Giving yet another shock to Pakistan, the UK High Court gave its ruling on Wednesday in a decades-old legal battle between Pakistan and India, rejecting Islamabad’s claims to an amount of £35 million in the case involving the Nizam of Hyderabad at the time of partition.
The Nizam’s descendants, Prince Mukarram Jah, the eighth Nizam of Hyderabad and his younger brother Muffakham Jah, joined hands with the Indian government in the legal fight against the Pakistan government over the £35 million funds lying with NatWest Bank in London.
The original amount was about £1,007,940 – transferred in 1948 from the then Nizam of Hyderabad to the high commissioner in Britain after Pakistan came into being. The amount has since sat in the Natwest Bank and its value, accruing interest, has increased to around £35 million in around 70 years.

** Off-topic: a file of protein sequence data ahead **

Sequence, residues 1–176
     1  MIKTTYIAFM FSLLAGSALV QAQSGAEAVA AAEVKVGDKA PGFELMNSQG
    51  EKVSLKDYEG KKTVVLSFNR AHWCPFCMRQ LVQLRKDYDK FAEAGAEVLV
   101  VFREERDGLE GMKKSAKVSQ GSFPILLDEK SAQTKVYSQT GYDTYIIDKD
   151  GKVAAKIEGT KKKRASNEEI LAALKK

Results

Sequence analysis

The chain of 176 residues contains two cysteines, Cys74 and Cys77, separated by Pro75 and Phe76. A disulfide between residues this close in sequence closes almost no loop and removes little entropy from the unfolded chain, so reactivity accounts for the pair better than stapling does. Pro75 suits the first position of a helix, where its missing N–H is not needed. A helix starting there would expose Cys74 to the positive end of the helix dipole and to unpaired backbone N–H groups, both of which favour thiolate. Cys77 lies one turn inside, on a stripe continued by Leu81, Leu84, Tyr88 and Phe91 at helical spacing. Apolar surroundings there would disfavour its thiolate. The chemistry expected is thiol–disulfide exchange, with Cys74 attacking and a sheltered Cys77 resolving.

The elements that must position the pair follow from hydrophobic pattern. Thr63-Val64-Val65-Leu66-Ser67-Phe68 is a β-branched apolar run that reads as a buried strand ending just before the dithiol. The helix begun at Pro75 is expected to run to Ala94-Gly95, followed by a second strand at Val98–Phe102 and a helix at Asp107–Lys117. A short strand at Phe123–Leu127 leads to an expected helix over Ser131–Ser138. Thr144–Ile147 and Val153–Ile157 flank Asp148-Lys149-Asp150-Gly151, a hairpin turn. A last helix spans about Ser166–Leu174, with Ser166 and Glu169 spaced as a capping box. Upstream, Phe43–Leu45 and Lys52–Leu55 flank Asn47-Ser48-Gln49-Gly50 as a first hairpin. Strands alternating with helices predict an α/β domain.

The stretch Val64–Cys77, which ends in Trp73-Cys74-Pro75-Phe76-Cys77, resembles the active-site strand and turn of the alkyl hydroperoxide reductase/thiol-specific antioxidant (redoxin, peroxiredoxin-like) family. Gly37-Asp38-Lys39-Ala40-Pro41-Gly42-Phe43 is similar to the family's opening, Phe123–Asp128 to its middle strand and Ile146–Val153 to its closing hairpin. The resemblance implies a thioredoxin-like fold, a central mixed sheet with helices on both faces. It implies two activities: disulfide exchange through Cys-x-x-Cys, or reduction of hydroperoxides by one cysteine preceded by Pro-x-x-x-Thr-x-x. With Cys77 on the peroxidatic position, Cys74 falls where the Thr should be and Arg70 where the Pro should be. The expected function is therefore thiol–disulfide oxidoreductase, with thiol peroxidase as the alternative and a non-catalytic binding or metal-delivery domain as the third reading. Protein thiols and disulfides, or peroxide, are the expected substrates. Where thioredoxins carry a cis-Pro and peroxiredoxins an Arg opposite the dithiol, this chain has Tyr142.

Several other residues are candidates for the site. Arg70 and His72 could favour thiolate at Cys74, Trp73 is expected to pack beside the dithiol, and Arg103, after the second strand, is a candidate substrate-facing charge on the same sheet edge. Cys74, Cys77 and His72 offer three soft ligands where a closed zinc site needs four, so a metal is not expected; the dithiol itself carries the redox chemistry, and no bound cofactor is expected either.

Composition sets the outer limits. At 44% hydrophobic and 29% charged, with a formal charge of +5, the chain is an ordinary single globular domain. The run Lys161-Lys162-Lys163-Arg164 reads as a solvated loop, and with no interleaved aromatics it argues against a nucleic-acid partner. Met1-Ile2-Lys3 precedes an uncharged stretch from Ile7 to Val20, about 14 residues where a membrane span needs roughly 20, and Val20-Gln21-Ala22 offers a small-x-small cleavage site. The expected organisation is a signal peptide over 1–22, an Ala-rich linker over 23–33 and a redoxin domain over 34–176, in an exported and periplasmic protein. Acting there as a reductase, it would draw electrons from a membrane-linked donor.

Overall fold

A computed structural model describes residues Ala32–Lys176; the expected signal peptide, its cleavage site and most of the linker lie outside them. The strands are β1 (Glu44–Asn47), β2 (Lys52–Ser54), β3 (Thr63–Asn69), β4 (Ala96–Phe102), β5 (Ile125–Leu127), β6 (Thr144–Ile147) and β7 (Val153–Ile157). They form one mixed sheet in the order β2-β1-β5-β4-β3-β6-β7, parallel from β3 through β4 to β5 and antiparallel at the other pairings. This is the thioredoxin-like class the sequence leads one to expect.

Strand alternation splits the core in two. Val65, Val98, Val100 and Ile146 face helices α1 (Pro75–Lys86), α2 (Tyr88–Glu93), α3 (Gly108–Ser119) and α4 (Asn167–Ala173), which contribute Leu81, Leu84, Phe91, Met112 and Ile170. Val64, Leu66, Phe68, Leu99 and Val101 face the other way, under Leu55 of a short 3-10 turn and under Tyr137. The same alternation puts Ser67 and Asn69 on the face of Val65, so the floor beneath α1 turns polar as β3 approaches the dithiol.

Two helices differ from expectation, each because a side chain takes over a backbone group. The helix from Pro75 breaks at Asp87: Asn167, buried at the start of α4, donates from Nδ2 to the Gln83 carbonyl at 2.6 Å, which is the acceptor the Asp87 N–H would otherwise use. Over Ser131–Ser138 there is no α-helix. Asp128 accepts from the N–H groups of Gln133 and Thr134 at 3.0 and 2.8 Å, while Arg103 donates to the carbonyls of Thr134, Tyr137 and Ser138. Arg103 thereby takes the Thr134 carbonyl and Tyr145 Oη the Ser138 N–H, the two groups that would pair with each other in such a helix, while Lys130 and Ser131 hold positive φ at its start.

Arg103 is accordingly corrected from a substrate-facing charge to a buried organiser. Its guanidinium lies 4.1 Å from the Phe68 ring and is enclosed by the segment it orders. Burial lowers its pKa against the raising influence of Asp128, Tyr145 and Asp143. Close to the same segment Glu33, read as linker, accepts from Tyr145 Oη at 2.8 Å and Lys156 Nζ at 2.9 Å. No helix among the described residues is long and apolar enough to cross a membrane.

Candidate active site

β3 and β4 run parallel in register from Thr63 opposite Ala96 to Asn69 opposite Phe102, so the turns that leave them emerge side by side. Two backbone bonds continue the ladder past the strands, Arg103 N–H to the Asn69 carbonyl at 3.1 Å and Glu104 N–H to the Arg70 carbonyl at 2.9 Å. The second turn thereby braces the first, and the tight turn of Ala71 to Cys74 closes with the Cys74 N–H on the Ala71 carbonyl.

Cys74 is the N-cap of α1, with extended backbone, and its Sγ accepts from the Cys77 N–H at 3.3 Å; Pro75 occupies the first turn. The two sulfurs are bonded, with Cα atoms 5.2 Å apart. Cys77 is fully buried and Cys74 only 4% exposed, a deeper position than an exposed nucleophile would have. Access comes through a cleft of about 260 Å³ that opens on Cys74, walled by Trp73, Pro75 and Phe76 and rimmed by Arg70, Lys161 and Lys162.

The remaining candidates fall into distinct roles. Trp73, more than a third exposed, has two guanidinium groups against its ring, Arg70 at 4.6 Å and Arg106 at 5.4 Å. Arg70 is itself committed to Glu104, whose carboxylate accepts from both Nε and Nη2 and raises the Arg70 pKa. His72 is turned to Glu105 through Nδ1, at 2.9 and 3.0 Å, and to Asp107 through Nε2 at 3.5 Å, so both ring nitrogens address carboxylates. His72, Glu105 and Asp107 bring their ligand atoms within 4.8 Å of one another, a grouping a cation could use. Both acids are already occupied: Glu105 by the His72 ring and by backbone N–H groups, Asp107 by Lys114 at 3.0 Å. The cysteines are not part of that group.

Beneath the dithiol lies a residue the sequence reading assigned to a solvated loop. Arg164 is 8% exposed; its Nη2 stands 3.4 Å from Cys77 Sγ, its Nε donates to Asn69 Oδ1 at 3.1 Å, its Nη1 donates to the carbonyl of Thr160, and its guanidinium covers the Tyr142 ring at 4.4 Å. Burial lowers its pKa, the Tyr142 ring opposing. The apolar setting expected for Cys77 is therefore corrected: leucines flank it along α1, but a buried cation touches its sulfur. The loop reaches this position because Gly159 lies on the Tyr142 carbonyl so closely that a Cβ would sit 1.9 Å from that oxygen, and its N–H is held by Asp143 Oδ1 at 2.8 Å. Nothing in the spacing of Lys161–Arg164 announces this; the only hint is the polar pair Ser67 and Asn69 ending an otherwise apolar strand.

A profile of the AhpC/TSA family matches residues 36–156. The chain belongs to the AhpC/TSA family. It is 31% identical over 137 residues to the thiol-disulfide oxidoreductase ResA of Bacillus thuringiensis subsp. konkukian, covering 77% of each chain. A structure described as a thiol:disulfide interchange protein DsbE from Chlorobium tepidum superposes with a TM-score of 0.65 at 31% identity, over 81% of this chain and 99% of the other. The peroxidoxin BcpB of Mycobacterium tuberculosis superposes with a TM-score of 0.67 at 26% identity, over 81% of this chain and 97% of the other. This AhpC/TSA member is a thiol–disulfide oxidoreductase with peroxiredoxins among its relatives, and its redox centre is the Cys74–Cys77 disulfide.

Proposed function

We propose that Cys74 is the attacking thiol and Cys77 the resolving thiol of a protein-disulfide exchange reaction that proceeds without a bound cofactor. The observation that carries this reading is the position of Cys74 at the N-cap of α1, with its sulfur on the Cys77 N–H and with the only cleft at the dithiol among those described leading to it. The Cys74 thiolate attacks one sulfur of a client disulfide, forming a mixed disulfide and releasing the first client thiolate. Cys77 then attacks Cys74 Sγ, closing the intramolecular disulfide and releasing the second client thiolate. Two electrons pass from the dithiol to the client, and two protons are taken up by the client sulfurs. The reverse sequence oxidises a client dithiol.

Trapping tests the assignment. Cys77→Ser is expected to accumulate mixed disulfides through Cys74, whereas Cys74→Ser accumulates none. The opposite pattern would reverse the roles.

The judgment says £35 million – belonging to Nizam of Hyderabad at the time of partition in 1947 and given to Pakistan for safe-keeping in Natwest London bank account – belongs to India/heirs of Nizam.
“We are delighted that today’s judgment recognises His Exalted Highness the VIII Nizam’s rights to funds which have been in dispute since 1948,” responded Paul Hewitt, partner in Withers LLP, who have acted for the VIII Nizam since Pakistan issued proceedings in 2013. “Our client was still a child when the dispute first arose and is now in his 80s. It is a great relief to see this dispute finally resolved in his lifetime,” he added.
After a series of setbacks in international forums on Kashmir issue, the ruling has left Pakistan once again ashamed in front of the international community.